Google In Secret Legal Battle With Feds Over Consumer Data
In 2006, AOL, Microsoft and Yahoo all complied with Bush Administration Justice Department (DOJ) subpoenas to turn over search records — without a fight. The subpoenas were issued pursuant to the Child Online Protection Act of 1998, which the Supreme Court had previously ruled to be unconstitutional. The requests were made anyway, and Google was […]
In 2006, AOL, Microsoft and Yahoo all complied with Bush Administration Justice Department (DOJ) subpoenas to turn over search records — without a fight. The subpoenas were issued pursuant to the Child Online Protection Act of 1998, which the Supreme Court had previously ruled to be unconstitutional. The requests were made anyway, and Google was the only major search engine to resist.
Whether the Bush Administration anti-child porn search subpoenas were a pretext for other types of inquiries we’ll never know. But now, history is repeating itself. This time it’s the Obama Administration seeking Google user data.
Google is fighting the Justice Department in two federal court cases, trying to avoid turning over user data on the basis of so-called National Security Letters (NSLs). NSLs are warrantless requests for information — and their constitutionality is in doubt. But, that hasn’t stopped their increasing use.
News of the Google cases was first reported by CNET on Friday. Also on Friday, in one of the cases, a federal judge in San Francisco ordered Google to comply with the DOJ’s NSL requests. One particularly odious aspect of the process is that it’s effectively illegal for parties to reveal that they’ve been served with an NSL.
As a general matter, NSLs seek to identify individuals and obtain selected records from telephone companies and Internet services providers. (Telcos and ISPs have been immunized by Congress from liability to their users for turning over the data.) CNET does a good job of summarizing what NSLs can access and their history:
NSLs to telecom firms originated with a 1986 law called the Electronic Communications Privacy Act, which permitted them only in relation to an investigation of “an agent of a foreign power.” That once-strict requirement was broadened in 1993 and again by the Patriot Act eight years later . . . .
An inspector general’s report (PDF) found that the FBI made 50,000 NSL requests in 2006, and 97 percent of those included mandatory gag orders. NSLs can demand user profile information, but the law does not permit them to be used to obtain the text of e-mail messages or most log files.
Google has started to include NSLs in its “transparency reports,” even though, as mentioned, recipients aren’t supposed to discuss the fact that they’ve received them.
This case and others like it illustrate the dangers of having so much information online. It’s extremely tempting for the government to simply try and tap into all that information and monitor people and their activities without going through the customary legal process. This has significant implications for individuals and the society as a whole. Think about the FBI’s surveillance of Martin Luther King and John Lennon (among others) in the 1960s, as “subversives.”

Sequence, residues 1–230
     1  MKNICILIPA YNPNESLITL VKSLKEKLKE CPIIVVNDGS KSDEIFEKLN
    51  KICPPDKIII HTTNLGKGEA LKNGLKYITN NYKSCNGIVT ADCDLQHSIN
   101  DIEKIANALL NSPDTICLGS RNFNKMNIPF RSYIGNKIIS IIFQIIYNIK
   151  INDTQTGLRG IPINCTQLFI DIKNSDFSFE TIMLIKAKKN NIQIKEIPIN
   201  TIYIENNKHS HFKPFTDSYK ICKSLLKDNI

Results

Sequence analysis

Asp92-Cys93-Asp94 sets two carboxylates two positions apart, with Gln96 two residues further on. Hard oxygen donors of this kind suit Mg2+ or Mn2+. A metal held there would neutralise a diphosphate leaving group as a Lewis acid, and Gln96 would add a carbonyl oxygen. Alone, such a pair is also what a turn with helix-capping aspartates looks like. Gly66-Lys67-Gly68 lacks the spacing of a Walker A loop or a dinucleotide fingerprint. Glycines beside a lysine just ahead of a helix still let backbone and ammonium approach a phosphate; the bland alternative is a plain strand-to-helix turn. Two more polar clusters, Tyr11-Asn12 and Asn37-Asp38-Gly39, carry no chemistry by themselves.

Accordingly, it’s not so much Google or Facebook we have to worry about (or their ad targeting), it’s third parties — corporate employers, insurance companies, banks or the US — that can access (by hook or by crook) and abuse the information they collect and maintain.
Google, Facebook, Yahoo and so on are like giant vaults of consumer data that can be “cracked” without warning or, in the case of NSLs, much legal process. While most people would argue that in the US, consumers have little to fear from the government, there are many societies (e.g., China) that readily monitor Internet activity as a way to suppress speech and political dissent.
As the CNET material quoted above makes plain, initiatives that are often justified in a narrow context for legitimate purposes are subject to creeping expansion and thereby subject to potential abuse.
One of our core concerns is that unless people fight for privacy, they will lose it in countries which have no history of concern over privacy. In the Western world, the governments will ultimately figure out a balance between these two: the legitimate use … by the police of this kind of information, and the incorrect use by others. But in many countries, there’s no history of privacy at all, and so the government can go in and essentially create a police state without any protections for citizens, and no one will even notice. And once those systems are in place in those countries, it’ll be difficult to reform them.
Schmidt sees the risk to personal privacy and freedom being much greater in non-democratic societies. However, if people in “the Western world” are complacent or willingly sacrifice “freedom” for security, we may wake up one day in the real-world equivalent of a dystopian novel where the Internet has become a tool of social and political control.
Call me paranoid, but I believe that we’re not that far away from such a reality today.